If team members are struggling to be engaged in the call, it’s possible that they feel like the meeting topic isn’t relevant to them. Which, in that case, means those colleagues (and you) are attending an unnecessary meeting. Luckily, there are plenty of virtual meeting engagement tools (like Fellow) to measure how active your participants are!
Meetings lack next steps or clarity
The overarching value of meetings is that they help teams collaborate on some result, whether that be a plan, approved budget, or brainstormed list of ideas, for example. If your meetings aren’t turning up any results, it might be because attendees don’t know what result to strive for or there are no goals to meet at all.
8 ways to reduce unnecessary meetings
- Implement meeting-free days
- Cancel meetings without an agenda
- Have a clear meeting purpose
- Leverage asynchronous meetings
- Evaluate your recurring meetings
- Collect meeting analytics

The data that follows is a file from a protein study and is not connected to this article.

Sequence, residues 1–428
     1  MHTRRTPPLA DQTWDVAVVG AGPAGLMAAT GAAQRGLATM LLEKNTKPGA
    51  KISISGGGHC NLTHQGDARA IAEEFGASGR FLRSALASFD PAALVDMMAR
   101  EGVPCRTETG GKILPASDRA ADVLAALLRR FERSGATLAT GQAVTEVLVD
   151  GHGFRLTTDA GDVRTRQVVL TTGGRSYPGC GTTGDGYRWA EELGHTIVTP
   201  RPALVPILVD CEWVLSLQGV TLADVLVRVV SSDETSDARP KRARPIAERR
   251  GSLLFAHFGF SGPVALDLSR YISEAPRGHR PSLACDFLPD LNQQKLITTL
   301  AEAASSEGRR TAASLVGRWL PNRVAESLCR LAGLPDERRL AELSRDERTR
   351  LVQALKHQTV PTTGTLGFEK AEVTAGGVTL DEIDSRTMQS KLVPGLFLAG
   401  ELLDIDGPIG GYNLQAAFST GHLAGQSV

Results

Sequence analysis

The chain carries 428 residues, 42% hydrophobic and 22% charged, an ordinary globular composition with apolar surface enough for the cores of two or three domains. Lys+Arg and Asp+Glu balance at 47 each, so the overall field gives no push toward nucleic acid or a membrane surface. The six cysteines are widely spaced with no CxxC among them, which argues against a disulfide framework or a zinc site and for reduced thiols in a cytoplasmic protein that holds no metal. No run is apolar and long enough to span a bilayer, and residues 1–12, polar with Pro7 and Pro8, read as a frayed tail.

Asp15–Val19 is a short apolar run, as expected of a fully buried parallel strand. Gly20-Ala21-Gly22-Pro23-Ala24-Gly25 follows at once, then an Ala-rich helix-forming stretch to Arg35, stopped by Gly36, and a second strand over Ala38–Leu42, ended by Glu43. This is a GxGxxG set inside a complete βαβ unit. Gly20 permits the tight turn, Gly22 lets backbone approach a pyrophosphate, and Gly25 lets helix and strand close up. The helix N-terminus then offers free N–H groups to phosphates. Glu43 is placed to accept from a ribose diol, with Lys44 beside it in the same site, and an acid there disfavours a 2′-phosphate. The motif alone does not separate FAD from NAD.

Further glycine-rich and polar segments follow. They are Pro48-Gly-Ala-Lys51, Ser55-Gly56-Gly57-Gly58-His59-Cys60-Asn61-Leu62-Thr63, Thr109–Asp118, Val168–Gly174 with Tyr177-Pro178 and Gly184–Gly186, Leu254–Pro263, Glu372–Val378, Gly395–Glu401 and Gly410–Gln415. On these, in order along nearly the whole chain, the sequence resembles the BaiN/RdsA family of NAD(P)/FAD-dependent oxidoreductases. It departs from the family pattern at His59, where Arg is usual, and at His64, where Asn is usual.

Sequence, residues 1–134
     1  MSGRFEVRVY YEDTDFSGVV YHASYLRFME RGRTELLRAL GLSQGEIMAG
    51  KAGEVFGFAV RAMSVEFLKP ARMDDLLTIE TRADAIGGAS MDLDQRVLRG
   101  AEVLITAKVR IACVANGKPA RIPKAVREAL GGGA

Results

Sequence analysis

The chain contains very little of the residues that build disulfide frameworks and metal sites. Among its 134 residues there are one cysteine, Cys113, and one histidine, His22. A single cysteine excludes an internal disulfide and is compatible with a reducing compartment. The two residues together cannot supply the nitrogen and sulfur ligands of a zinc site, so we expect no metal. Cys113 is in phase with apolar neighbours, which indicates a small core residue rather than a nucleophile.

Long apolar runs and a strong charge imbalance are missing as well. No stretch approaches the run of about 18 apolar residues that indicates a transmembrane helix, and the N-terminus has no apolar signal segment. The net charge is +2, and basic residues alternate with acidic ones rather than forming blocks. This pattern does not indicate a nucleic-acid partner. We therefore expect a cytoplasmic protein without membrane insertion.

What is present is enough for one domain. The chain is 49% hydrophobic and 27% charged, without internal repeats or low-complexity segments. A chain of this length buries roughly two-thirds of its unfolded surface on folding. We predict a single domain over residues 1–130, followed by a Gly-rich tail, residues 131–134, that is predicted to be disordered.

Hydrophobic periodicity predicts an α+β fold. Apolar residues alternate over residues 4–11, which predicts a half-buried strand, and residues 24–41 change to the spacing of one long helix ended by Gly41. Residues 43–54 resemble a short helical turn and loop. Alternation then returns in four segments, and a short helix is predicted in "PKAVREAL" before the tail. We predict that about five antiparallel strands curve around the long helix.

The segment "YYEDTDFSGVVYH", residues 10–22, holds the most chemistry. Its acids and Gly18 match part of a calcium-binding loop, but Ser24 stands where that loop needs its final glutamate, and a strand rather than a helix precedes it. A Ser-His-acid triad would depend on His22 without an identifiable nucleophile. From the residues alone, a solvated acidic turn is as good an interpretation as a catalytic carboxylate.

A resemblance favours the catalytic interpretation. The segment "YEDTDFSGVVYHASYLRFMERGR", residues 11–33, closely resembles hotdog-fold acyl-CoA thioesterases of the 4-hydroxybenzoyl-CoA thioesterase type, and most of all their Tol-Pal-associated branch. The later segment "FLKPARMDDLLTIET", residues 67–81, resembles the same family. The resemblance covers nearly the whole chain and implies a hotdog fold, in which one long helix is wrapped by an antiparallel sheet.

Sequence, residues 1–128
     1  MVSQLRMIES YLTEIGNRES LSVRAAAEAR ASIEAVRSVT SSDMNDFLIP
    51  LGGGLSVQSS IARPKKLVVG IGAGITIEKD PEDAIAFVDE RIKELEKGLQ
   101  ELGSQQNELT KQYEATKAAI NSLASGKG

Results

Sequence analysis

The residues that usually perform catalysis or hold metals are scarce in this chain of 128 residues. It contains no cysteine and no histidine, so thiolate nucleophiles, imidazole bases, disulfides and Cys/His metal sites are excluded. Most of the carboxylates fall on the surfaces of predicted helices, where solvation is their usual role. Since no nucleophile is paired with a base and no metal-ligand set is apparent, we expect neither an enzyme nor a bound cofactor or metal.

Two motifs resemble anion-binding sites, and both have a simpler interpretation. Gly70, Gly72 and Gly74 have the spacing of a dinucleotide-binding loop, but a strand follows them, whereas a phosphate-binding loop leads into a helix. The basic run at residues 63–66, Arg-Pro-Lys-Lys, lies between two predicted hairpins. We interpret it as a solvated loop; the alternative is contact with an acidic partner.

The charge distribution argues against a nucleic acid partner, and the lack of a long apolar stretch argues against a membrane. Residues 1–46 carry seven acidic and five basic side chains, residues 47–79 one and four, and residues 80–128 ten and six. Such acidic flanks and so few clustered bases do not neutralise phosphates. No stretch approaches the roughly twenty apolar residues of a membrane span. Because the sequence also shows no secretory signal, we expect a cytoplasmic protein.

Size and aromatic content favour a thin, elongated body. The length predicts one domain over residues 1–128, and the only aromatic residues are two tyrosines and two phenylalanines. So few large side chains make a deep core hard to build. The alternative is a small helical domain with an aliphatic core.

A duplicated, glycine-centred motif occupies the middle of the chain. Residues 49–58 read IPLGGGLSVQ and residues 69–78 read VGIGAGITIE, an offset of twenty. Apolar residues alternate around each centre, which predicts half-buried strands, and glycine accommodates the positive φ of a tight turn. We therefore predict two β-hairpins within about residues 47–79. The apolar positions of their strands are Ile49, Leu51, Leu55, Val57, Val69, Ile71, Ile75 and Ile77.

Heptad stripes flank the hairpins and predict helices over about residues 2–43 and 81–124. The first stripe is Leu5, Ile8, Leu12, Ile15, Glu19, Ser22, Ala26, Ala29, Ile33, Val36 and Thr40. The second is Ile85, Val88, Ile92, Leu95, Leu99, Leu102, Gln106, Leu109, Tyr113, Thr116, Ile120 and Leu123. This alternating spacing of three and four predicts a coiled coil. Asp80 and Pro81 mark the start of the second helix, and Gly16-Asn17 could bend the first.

- Ask for meeting feedback
- Get comfortable declining meetings
1Implement meeting-free days
While they weren’t the first to do it, Shopify made a splash in the news when they shared the value of meeting-free days for their company. The purpose of doing so was to help employees reclaim time in their calendars for deep-focus work. Having an entire day to dedicate to tedious admin tasks or critical strategic planning is very valuable—especially for roles that normally have their days consumed with back-to-back meetings.
The best and easiest way to implement a no meeting day is by using a tool that has the functionality already baked in. As part of the Meeting Guidelines feature set, Fellow enables company leaders to set a no meeting day for their organization, so that any time someone tries to schedule a meeting on that day, they will be automatically prompted to find another time.
2Cancel meetings without an agenda
If there’s no meeting agenda, there’s a high chance the call will go off topic or over time or will fail to meet its goals. In episode 47 of Fellow’s Supermanagers podcast, Ross Mayfield, the Product Lead of Apps and Integrations at Zoom, highlights that having agendas also shows respect for other people’s time, saying,
“You need to be conscious that every meeting is a massive tax on people’s time. You need to ask the question, ‘Should this meeting exist? Do we have the right people in attendance? Do we have a plan for how we’re going to be communicating with people that are not in attendance? Do we have an agenda?’”